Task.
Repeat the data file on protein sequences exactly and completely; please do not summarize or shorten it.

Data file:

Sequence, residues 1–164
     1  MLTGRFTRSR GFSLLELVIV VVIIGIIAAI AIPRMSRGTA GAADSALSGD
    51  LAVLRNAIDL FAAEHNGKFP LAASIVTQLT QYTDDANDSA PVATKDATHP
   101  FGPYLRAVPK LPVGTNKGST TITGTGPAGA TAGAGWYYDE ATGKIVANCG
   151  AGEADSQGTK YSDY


Sequence, residues 1–164
     1  MLTGRFTRSR GFSLLELVIV VVIIGIIAAI AIPRMSRGTA GAADSALSGD
    51  LAVLRNAIDL FAAEHNGKFP LAASIVTQLT QYTDDANDSA PVATKDATHP
   101  FGPYLRAVPK LPVGTNKGST TITGTGPAGA TAGAGWYYDE ATGKIVANCG
   151  AGEADSQGTK YSDY